Crews from Massana Construction perform highway work in Amarillo.
(Massana Construction photo)
Massana Construction Inc. will be finishing a $4.9 million safety upgrade project for the Texas Department of Transportation in the city of Amarillo on August 5.
The initiative is installing four miles of cable barrier on I-40, an east-west interstate on the south side of the city; five miles of cable barrier, four miles of new guardrail and 220 ft. of concrete barrier on U.S. 87 — a highway on the north side of the city; and 1.4 miles of cable barrier.
Additional guardrails and concrete barriers will be placed on I-27, an interstate south of the city.
Massana has multiple crews working simultaneously on U.S. 87 (north-south) and I-40 (east-west).
The final tensioning of the cable barrier on I-40 began in late April, while cable barrier installation on U.S. 87 continues.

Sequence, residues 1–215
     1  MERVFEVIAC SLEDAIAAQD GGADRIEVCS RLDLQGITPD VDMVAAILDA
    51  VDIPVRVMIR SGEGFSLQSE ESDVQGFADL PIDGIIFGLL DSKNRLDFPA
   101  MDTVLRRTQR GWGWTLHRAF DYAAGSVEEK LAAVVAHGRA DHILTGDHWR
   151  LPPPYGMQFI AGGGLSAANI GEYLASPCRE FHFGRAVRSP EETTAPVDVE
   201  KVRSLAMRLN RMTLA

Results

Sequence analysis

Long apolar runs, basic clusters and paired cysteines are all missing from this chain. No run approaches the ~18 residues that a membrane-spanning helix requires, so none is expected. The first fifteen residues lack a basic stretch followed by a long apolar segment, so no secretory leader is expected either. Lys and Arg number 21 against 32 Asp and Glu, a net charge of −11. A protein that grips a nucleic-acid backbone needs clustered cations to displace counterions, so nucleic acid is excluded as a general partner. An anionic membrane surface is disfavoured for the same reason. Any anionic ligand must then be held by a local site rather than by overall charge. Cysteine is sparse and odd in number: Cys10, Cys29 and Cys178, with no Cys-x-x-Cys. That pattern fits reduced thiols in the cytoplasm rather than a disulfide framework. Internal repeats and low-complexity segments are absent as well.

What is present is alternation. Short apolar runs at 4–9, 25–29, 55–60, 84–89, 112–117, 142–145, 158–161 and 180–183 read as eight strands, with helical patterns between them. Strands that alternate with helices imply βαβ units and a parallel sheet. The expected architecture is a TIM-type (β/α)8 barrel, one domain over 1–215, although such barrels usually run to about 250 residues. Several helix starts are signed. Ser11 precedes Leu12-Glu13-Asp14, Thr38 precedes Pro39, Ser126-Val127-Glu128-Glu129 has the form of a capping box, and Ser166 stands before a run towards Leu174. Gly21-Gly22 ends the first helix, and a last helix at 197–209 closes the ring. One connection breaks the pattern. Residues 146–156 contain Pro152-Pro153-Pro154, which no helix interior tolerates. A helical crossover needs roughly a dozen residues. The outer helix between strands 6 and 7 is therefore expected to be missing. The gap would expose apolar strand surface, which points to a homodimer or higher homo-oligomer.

"We started on U.S. 87 first, went to I-40 2nd, and will do I-27 last." said Starr. "Every time we work, we have to shut down a lane. The lane closures are managed by Massana and we follow TXMUTCD standards and the engineered drawings. TxDOT gave us a window of time we can place the closures. For the most part they are allowing daylight closures from dawn to dusk, but for I-27 it's going to be a different deal. There are hourly rental fees for lane closures."
Crews can install roughly 1,000 ft. of cable barrier a day.
"We can trim up to 3,500 feet per-day, drill up to 175 posts a day, and pave up to 3,500 feet a day," said Starr. "That's about 1,000 feet a day."
The installation process starts with a surveyed layout, which translates the plan to horizontal (stationing) and vertical (elevation). The layout is then used to set a string line for the paver.